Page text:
The Chamberlin is now a retirement/assisted living home. It used to be a hotel. Before the Chamberlin was there--Continental Park was the site of the Hygeia Hotel. During its glory days, the Hygeia Hotel claimed a 1,000-guest capacity, more than 500 employees and the country's largest ballroom. The Chamberlin is said to be haunted by the ghost of a young woman who stayed at the Hygeia. Her father was a fisherman who went to sea one day and never returned. She still waits for him. She knocks things off shelves in the Chamberlin and sometimes she is heard playing the piano in the grand ballroom.
The Chamberlin is haunted. More than one apparition is said to walk the halls of this cavernous establishment, but the most famous is the ghost of a young woman. Her father, a fisherman, went to sea one day and never returned. "She's still waiting for him," said the clerk in the gift shop. "She knocks things off shelves every once in a while, and sometimes she plays the piano." - See more at:
The Chamberlin is haunted. More than one apparition is said to walk the halls of this cavernous establishment, but the most famous is the ghost of a young woman. Her father, a fisherman, went to sea one day and never returned. "She's still waiting for him," said the clerk in the gift shop. "She knocks things off shelves every once in a while, and sometimes she plays the piano." - See more at:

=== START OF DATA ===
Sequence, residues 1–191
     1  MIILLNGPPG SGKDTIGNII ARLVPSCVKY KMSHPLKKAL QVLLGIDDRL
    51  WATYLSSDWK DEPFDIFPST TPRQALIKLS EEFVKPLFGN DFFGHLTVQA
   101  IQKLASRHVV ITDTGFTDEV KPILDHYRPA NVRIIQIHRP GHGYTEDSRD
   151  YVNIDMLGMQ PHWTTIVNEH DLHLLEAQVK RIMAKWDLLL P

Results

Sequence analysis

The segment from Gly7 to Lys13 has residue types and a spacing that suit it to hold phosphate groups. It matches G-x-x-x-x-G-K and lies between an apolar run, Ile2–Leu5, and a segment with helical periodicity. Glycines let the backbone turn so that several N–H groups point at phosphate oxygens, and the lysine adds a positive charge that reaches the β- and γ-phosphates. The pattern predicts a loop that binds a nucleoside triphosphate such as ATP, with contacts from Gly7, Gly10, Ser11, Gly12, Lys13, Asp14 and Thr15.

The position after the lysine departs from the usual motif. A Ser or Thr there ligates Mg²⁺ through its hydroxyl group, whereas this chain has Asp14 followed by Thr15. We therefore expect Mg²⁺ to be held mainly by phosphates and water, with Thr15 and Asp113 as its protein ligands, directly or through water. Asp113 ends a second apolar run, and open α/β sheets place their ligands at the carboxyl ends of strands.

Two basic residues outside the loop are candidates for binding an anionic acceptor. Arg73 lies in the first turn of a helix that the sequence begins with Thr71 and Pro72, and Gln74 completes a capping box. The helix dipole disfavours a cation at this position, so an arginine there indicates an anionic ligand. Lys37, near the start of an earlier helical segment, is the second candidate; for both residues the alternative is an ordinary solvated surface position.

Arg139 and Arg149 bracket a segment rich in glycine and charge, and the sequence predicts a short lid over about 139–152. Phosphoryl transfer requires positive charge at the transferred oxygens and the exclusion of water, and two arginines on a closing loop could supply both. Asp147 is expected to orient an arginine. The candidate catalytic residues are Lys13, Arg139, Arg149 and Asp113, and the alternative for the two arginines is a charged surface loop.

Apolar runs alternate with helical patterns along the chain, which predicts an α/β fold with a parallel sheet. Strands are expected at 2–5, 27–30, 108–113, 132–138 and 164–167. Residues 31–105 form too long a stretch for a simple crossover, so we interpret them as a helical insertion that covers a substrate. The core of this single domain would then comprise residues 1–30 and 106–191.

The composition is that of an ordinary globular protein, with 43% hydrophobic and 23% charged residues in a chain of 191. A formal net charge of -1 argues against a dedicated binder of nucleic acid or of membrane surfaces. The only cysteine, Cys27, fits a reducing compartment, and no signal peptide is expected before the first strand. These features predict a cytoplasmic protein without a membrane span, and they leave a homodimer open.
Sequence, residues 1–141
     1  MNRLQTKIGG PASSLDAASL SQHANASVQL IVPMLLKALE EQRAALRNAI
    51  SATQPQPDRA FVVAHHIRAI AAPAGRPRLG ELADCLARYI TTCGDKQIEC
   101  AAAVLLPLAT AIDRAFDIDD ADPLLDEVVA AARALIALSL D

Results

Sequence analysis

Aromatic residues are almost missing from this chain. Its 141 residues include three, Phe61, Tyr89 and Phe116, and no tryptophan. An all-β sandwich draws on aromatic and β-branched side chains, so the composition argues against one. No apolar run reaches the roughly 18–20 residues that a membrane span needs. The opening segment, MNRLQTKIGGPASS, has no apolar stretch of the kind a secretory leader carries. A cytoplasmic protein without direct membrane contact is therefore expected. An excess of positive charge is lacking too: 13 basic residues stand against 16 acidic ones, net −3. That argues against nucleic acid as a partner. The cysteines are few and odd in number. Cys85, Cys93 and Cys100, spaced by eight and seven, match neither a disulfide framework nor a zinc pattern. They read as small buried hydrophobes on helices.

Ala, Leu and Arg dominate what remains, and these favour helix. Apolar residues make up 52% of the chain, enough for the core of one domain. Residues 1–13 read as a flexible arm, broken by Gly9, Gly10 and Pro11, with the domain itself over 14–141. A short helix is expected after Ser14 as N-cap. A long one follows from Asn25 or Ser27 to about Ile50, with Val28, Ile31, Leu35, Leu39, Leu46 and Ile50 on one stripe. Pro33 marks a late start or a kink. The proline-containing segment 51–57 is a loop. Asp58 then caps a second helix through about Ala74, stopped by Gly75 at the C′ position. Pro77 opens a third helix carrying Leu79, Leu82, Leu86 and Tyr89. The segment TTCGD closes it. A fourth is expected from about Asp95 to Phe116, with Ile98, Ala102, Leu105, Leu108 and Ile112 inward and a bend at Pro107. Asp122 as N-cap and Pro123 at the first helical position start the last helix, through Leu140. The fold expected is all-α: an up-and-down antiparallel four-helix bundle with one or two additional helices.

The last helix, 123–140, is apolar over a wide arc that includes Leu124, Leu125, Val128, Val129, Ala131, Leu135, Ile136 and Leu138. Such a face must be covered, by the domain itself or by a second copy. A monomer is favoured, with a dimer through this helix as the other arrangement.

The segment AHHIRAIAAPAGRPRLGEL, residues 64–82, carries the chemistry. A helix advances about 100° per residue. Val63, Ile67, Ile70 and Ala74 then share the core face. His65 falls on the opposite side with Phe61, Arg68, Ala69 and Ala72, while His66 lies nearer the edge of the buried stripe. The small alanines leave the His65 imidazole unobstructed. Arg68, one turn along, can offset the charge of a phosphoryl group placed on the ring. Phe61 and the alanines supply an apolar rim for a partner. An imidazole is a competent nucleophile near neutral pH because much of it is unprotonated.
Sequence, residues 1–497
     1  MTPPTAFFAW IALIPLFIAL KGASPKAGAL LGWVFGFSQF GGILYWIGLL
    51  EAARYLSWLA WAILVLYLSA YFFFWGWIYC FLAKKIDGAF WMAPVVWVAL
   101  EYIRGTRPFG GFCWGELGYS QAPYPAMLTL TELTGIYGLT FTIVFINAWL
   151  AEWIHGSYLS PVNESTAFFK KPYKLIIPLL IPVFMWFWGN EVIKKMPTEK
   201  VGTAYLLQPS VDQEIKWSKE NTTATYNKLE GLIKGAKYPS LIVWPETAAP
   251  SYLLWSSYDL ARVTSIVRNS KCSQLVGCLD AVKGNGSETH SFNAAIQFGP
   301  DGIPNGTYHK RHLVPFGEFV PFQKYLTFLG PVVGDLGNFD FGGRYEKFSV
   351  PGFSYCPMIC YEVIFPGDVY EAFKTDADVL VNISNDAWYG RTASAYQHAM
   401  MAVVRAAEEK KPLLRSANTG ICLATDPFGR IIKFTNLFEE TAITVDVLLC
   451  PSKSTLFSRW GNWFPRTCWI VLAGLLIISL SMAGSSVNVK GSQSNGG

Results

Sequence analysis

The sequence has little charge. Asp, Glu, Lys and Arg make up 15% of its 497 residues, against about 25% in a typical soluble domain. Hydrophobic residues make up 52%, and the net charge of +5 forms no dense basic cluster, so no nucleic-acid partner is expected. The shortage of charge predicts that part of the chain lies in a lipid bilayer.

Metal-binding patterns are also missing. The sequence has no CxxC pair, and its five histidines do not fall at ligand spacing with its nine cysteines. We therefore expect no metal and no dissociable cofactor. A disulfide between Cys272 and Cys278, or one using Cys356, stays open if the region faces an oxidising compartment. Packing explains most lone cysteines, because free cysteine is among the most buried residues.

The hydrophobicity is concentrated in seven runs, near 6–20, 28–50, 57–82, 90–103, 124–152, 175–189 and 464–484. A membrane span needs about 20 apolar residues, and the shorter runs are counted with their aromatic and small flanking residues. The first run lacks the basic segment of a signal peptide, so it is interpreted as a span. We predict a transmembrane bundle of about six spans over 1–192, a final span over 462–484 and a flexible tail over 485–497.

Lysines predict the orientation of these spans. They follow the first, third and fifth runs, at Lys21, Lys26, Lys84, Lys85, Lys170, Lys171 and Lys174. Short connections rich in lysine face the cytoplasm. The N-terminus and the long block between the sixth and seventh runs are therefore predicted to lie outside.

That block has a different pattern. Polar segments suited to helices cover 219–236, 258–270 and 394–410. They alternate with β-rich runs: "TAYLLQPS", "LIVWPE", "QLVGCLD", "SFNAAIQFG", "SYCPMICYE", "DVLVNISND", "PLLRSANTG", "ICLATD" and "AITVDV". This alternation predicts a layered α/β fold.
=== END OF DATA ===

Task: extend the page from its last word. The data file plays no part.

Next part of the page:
The Chamberlin is haunted. More than one apparition is said to walk the halls of this cavernous establishment, but the most famous is the ghost of a young woman. Her father, a fisherman, went to sea one day and never returned. "She's still waiting for him," said the clerk in the gift shop. "She knocks things off shelves every once in a while, and sometimes she plays the piano." - See more at:
In the middle of the seawall is Outlook Beach, one of the best places to enjoy views of the Chesapeake Bay.
Of course, Sammy has to go into the Chesapeake Bay!
Looking up from the beach--you can see huge freighters going into Hampton Roads! Beautiful blue sky and water!

Sunday, November 3, 2013

Riverwalk Yorktown, VA